Public Speaking Career Built on ‘Can Do’ Approach

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According to Alice Tang, reaching your goals begins with a “can do” attitude, a message the financial advisor shares with every public speaking engagement.

And just as she realizes big achievements from her diminutive frame, her public speaking messages begin with the acknowledgement of the power of starting small.

Adapting to the circumstances

When she and her husband moved to the West Coast of the United States nearly 25 years ago, Tang’s ability to stay was directly linked to her husband’s employment.

“I didn’t have my green card,” she said. “I had to face the four walls of my home, feeling sorry for myself because I thought I was depending on my spouse even though he loves me.”

So, she started focusing on what she could accomplish.

She immersed herself in running the household and preparing for the future. She compared the rewards programs connected to credit cards. She investigated the interest rates on various loans. She researched how to save money, spend more wisely, and get the best benefits from each purchase.

“I realized this is what I could do,” Tang said. “I was planning for the future. Save it and let it grow.”

The power of connections

Then, there was a turning point. Through an offhand conversation, she learned the dollars invested into a 401K plan can save on taxes. The couple’s accountant has never shared the idea.

“I confronted the CPA, ‘Why didn’t you tell us?’” she said, saying the firm should have been proactive in helping her and her family prepare for their financial future. “They weren’t helping us. We were a new couple, we were immigrants, and the wife was not working yet. Maybe we were too small, but they should have known.”

She took her business to another accounting firm, after doing her typical research.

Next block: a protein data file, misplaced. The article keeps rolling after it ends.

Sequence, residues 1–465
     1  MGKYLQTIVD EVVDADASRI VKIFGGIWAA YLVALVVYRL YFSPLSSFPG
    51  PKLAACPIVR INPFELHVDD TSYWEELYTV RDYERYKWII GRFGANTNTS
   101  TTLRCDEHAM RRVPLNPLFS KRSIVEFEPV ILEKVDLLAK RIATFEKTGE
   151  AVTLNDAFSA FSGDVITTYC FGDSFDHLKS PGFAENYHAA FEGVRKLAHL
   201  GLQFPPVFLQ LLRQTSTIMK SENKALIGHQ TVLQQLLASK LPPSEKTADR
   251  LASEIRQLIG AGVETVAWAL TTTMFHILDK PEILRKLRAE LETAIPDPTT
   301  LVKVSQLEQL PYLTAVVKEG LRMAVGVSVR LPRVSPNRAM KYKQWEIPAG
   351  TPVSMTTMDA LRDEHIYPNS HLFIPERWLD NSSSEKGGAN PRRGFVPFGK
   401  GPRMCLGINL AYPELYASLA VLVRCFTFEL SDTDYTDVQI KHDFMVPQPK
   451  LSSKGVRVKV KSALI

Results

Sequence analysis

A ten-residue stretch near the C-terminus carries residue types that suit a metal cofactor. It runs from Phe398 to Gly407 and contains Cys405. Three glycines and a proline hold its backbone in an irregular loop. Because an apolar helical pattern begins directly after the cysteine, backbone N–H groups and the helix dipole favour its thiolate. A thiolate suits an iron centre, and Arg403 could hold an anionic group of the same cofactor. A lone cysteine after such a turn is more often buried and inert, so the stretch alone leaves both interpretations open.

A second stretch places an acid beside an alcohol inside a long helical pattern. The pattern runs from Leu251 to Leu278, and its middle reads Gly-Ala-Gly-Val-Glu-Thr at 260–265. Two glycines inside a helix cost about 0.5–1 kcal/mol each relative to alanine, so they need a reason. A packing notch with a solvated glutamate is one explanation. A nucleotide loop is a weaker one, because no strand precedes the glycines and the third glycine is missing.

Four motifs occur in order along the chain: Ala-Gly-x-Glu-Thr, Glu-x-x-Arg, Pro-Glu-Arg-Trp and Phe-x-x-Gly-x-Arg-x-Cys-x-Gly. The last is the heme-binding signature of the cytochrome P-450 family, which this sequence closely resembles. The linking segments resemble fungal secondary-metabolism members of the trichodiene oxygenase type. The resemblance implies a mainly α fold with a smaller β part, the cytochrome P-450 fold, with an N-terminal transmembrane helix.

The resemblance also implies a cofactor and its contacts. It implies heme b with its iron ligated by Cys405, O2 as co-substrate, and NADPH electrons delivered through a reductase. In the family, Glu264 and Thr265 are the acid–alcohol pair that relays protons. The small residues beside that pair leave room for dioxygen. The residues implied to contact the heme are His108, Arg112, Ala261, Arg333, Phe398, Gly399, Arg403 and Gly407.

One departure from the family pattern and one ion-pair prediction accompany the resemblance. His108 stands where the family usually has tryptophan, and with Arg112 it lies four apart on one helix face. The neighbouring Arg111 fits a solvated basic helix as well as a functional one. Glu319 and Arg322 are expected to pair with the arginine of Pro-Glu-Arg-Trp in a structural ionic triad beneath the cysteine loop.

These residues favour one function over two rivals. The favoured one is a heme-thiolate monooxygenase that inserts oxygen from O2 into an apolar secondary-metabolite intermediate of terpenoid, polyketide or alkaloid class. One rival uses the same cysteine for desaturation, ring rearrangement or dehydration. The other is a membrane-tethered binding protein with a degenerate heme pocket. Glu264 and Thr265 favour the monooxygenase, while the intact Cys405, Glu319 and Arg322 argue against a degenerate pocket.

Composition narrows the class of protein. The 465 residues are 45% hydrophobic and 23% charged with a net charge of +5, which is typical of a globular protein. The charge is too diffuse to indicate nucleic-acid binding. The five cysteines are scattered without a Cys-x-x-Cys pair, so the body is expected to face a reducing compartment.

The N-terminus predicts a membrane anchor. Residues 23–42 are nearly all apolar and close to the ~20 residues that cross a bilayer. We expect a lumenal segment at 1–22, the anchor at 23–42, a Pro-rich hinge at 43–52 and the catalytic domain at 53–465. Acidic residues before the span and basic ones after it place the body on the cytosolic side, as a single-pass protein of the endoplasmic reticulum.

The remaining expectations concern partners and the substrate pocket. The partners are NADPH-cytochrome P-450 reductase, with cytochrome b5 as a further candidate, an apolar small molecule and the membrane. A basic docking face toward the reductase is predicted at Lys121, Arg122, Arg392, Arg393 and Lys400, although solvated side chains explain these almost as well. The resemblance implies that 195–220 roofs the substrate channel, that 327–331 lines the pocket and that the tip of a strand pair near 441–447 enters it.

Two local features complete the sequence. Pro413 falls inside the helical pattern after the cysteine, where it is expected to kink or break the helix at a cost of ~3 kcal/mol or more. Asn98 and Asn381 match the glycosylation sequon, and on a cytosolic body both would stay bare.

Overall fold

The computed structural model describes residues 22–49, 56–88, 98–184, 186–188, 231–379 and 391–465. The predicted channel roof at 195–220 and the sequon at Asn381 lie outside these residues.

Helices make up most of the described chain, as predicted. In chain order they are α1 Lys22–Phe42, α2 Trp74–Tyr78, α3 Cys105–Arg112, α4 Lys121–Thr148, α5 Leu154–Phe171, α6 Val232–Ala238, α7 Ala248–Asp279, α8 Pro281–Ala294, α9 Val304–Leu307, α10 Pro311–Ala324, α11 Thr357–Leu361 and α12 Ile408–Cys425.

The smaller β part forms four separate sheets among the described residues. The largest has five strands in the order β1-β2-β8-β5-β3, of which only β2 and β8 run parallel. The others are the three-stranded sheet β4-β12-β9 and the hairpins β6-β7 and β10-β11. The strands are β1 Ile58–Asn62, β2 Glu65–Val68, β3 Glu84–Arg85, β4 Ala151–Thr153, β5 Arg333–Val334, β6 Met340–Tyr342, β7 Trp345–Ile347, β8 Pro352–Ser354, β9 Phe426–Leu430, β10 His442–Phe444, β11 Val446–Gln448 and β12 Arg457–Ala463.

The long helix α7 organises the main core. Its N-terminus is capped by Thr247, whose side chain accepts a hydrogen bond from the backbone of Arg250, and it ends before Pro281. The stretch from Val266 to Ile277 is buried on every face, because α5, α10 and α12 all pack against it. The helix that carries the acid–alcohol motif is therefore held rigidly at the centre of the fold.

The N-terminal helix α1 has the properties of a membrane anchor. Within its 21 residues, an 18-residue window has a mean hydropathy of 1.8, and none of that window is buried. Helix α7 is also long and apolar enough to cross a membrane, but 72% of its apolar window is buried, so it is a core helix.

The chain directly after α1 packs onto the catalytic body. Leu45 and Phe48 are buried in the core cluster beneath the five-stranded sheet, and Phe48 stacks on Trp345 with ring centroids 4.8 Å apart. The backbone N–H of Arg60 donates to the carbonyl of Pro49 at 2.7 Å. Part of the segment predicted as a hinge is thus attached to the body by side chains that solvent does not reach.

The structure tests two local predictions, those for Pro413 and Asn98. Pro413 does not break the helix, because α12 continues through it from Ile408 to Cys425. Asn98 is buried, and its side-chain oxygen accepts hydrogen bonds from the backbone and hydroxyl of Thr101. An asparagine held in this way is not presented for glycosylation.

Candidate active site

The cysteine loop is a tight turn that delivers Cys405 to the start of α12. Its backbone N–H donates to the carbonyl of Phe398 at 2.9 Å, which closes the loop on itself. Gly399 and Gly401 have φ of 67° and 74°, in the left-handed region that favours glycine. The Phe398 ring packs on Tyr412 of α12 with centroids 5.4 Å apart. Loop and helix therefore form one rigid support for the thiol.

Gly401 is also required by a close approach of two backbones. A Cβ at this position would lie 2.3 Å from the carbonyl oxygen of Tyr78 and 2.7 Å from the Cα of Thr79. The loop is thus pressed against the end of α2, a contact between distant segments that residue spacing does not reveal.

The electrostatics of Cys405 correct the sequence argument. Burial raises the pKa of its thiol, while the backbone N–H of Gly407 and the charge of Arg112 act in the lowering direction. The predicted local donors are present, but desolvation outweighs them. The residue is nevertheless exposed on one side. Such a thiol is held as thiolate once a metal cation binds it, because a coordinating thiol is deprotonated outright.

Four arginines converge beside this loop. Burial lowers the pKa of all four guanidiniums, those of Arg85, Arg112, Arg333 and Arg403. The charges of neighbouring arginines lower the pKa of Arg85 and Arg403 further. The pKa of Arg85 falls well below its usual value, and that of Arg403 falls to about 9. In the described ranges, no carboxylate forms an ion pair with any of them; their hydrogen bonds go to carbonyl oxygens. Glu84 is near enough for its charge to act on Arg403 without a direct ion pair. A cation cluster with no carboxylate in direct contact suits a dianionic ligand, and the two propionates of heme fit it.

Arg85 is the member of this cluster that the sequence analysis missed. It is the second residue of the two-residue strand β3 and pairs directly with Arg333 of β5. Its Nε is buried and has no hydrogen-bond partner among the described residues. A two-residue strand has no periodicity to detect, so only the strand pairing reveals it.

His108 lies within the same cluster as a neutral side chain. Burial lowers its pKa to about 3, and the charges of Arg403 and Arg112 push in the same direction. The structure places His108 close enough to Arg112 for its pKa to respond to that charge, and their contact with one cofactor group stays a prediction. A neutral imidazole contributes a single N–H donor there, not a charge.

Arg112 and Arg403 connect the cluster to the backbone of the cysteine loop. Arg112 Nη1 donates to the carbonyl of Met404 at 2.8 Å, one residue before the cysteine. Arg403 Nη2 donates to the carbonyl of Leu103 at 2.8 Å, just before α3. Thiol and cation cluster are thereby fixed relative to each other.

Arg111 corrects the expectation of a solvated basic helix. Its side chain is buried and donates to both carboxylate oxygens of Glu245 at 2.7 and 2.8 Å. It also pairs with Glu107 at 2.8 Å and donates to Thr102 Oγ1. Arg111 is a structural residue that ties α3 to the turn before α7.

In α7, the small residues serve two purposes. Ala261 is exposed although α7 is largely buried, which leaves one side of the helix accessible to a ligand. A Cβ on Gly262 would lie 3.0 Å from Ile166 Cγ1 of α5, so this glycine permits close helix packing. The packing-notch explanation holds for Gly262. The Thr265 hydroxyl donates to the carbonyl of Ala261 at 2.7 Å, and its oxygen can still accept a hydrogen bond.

“Then, I thought, what else can I do?”

As it turns out, quite a bit.

Education and learning

She completed a degree in international management, leaning into her multilingual talents. However, she didn’t want to take a job if it would mean further time apart from her husband. He was already away from home several months each year for work.

“That didn’t make sense, for the marriage,” she said. “Marriage was my priority.”

Combining her previous successes, she interviewed with a financial advisory firm. She accepted a position without realizing the pay was commission only.

Her first year, she earned $2,000 in commissions. It jumped to $8,000 the next year and continued to climb.

“Success is a journey,” Tang said, who is now a partner with the same firm. “For me, it is a never-ending story, because I never thought about quitting.”

Quite the opposite, in fact.

Looking to the future

She kept a laser-like focus on building her skills and earning her clients’ trust, business, and respect. Tang applied a handful of lessons learned from her parents as her client list began to grow. Her mother was a saver, guiding the families spending and purchases with an eye toward the future and a nose for the best value. Her father made his own path in the printing industry.

Following their lead, Tang looks for more intangible goals when entering into a relationship with a client. She tends to initially dismiss goals such as a $5 million nest egg by the age of 60. Instead, she looks at how those dollars will be spent.